Our full-size reproduction of the Jersey Skiff can be easily handled by one person, yet sails comfortably with as many as 4 adults aboard. The Jersey Skiff can be equipped with up to 3 rowing positions.
The 17' Jersey Skiff under sail
17' Jersey Skiff Sailboat
A family enjoys the undecked version of our Jersey Skiff
17' Jersey Skiff
17' Jersey Skiff in the tropical sun
17' Jersey Skiff Sailboat
17' Jersey Skiff visits a tall ship
17' Jersey Skiff says hello during tall ship festival
Enjoying a 17' Jersey Skiff on Georgetown Lake, Montana
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The Jersey Skiff is a stunning boat with a rich heritage. She was designed in the mid-1800’s to be beach-launched and rowed through surf for rescue and salvage work. This required a boat that was stable and fast, had a high carrying capacity, and was easy to handle even when short-handed. The resulting design marries the best attributes of the classic Whitehall and New England Dory hulls, as the the fine bow slices through chop without pounding, while the tumblehome transom tracks with the surety of a Whitehall. A small flat section on the bottom reduces draft, and allows the Jersey Skiff to sit solidly on a beach, while increasing stability whether rowing or sailing.

We offer two versions of the Jersey Skiff: an open boat and a decked version. The open boat is best for those primarily interested in using the Jersey Skiff for rowing, or who want the ultimate economical workhorse. Adding a deck (+4″ LOA / +60lbs. Displacement) will keep the boat drier when sailing in rough conditions and is very attractive. The deck is not required for structural integrity. Motors of up to 4 hp will work well with this boat, and long shaft motors are preferred. A motor can be clamped directly onto the transom of an open version but the decked version will require a bolt-on motor bracket.

“I can’t tell you how much I’ve enjoyed my Jersey Skiff. It has been a fantastic sailing boat for sailing the many lakes of Western Washington and Puget Sound. I am a long time boater but new to sailing and it has been a great, fun challenge to learn the art. The Jersey Skiff sails easy enough for a beginner like myself to quickly become comfortable, yet has more than enough performance to challenge any sailor. I have sailed it in flat calm to 20 knots of wind in rough seas on Puget Sound, having a great time all the way. It even rows well. It tracks straight and carry well with only 5-6 strokes a minute to keep it up to speed.” “The only problem I have had is getting away from the dock because so many people come by to ask and comment about my interesting boat.” “Thanks, Gig Harbor, it’s been a real treat getting to know you and the boat and I’m sure it will be for many years to come.”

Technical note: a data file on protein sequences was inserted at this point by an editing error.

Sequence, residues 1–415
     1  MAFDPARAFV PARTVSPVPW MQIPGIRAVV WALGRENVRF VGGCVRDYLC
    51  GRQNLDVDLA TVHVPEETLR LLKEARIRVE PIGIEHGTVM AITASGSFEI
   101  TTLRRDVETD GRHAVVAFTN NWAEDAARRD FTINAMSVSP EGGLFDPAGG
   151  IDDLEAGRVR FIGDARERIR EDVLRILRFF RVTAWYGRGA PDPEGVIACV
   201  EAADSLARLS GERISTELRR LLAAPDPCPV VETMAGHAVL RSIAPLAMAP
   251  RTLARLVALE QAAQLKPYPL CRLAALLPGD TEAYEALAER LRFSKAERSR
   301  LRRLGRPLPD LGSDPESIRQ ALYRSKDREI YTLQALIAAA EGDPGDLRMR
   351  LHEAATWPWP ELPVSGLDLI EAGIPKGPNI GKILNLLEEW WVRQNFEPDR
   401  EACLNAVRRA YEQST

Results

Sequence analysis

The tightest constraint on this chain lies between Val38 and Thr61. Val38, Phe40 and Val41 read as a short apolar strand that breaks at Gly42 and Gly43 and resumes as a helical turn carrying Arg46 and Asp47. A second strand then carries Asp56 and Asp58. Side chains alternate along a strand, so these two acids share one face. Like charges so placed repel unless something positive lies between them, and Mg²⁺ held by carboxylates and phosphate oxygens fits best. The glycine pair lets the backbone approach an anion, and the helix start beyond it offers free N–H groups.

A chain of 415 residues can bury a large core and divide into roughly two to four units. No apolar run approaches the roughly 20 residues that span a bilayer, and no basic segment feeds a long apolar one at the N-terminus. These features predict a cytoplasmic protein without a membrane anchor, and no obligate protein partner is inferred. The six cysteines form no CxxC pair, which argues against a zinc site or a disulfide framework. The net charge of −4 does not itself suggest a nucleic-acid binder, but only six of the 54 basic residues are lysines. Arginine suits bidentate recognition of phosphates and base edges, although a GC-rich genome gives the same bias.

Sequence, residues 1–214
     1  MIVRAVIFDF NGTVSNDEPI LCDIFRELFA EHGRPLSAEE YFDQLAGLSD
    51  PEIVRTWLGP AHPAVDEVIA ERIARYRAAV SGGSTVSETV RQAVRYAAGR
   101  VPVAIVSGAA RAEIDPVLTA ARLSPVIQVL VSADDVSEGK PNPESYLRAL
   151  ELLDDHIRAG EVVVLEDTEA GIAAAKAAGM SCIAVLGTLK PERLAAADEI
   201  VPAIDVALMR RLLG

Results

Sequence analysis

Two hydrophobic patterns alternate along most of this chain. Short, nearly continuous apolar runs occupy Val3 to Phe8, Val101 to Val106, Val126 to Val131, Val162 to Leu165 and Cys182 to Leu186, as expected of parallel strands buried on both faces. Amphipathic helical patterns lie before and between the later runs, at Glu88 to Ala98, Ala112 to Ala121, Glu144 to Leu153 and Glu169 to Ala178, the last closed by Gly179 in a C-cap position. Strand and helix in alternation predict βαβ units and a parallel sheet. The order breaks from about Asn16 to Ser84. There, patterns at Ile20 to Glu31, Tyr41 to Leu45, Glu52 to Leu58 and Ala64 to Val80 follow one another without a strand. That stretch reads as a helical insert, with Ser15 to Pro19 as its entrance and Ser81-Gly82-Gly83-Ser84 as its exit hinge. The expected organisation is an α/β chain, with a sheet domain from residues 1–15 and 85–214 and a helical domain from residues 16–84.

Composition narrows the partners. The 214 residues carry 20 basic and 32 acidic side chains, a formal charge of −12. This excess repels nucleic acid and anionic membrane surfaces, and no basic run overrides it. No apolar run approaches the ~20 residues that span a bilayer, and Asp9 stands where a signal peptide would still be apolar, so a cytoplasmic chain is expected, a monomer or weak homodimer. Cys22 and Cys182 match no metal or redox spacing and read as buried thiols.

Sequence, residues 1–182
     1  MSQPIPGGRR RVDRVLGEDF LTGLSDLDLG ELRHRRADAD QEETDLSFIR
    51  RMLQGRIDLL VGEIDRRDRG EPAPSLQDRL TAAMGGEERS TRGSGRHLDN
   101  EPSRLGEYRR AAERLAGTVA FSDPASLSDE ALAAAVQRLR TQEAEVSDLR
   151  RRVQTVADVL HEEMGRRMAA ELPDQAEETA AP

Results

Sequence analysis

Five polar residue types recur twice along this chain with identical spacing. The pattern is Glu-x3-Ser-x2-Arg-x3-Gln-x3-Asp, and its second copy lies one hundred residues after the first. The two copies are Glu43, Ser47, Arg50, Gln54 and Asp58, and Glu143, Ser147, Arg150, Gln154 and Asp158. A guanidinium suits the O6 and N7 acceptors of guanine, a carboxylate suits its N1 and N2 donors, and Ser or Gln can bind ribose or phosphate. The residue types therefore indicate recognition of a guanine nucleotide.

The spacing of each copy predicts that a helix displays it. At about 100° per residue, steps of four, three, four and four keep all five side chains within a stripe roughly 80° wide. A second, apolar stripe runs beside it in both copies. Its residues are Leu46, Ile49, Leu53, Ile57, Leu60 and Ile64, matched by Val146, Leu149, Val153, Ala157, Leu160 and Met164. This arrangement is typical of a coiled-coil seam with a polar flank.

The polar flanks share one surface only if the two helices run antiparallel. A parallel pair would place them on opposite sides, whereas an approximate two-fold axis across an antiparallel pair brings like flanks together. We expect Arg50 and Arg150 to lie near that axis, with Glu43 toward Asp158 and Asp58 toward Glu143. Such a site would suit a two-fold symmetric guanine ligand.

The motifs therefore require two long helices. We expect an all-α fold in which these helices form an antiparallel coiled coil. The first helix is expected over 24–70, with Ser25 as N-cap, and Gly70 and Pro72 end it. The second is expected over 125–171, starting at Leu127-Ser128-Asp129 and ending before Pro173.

– From C. S., of Kent, Wa. (17′ Jersey Skiff)

“I’ve been enjoying the skiff *tremendously* over the last few weeks. We’ve had great weather and although the yahoos are out in force on the Willamette River on weekend afternoons, it’s been wonderful sailing and rowing after work on weekdays and early mornings on the weekends. I’ve been out a few times per week for the last month or so, and it’s really given me a deeper appreciation of the skiff – it’s a great boat. I’ve gotten many admiring comments and questions about where it was built (I’m sending them all your way!).”

~ M. Johnston, Oregon

“The skiff again received many favorable or should I say enviable comments regarding her usefulness as a platform for our whale photography hobby. If you had a shop here I am sure you would be selling these boats like hotcakes. I have had several offers for our boat which has absolutely no chance of being sold. We use it four to six days a week dependent on the weather.”

~ B. Raimo, Lahaina HI (17′ Jersey Skiff)

From the Soundings Magazine article by Dieter Loibner, “On Sailing: Muscle power and wind are all you need

“With my feet strapped to the footstop, I tried to plant the slim blades squarely without digging (or “catching crabs”) while skipper Robertson steered us past the current rips. When I managed to coordinate my stroke with the sliding seat, the power of my leg muscles drove the boat nearly as fast as a cruising boat under engine on a parallel course.

This efficiency is a tribute to the lightweight composite materials (all-up the skiff weighs only 360 pounds) and the hull’s fine entry and a clean exit. “It is a shape that evolved over centuries and was dictated by purpose,” Robertson points out. These skiffs were used for fishing, surf rescues, even ocean crossings.”

“Sailing and rowing a small craft might be a throwback to the past, but in the light of reality its future looks increasingly bright.”

Click here to read the full article (pdf file). Reprinted with permission from Soundings Publications, LLC.

Jersey Skiff Photo Gallery (click to enlarge):

Click here for full specifications

Jersey Skiff Specifications
No deck With deck
LOA: 16’6″ 16’10″
BEAM: 69″
DISPLACEMENT: 300 lbs 360 lbs
(Displacement shown is fiberglass, kevlar is unavailable in this model)
SAIL AREA: Main, 63 sq. ft. Jib, 32 sq. ft.
Model-Specific Options:
  • Deck and no-deck versions
  • Genoa jib sail w/ roller furling
  • Storage hatches
  • Sliding rowing seat

 


All Our Boats:

17′ Jersey Skiff |16.5′ Melonseed | 16′ Dory | 15′ Lobster Boat | 14′ Whitehall | 12′ Scamp | 12′ Point Defiance | 10′ Navigator | 9.5′ Captain’s Gig | 8′ Nisqually